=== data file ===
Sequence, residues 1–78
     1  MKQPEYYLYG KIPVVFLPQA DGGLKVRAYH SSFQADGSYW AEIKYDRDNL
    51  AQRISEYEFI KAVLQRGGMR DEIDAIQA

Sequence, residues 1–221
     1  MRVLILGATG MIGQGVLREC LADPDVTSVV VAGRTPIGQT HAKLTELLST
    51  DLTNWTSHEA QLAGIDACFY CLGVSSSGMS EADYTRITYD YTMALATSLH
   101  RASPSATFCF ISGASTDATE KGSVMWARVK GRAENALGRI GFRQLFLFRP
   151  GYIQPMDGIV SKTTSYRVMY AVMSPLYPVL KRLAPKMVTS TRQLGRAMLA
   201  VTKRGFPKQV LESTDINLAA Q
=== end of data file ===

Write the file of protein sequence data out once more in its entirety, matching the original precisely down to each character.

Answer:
Sequence, residues 1–78
     1  MKQPEYYLYG KIPVVFLPQA DGGLKVRAYH SSFQADGSYW AEIKYDRDNL
    51  AQRISEYEFI KAVLQRGGMR DEIDAIQA

Sequence, residues 1–221
     1  MRVLILGATG MIGQGVLREC LADPDVTSVV VAGRTPIGQT HAKLTELLST
    51  DLTNWTSHEA QLAGIDACFY CLGVSSSGMS EADYTRITYD YTMALATSLH
   101  RASPSATFCF ISGASTDATE KGSVMWARVK GRAENALGRI GFRQLFLFRP
   151  GYIQPMDGIV SKTTSYRVMY AVMSPLYPVL KRLAPKMVTS TRQLGRAMLA
   201  VTKRGFPKQV LESTDINLAA Q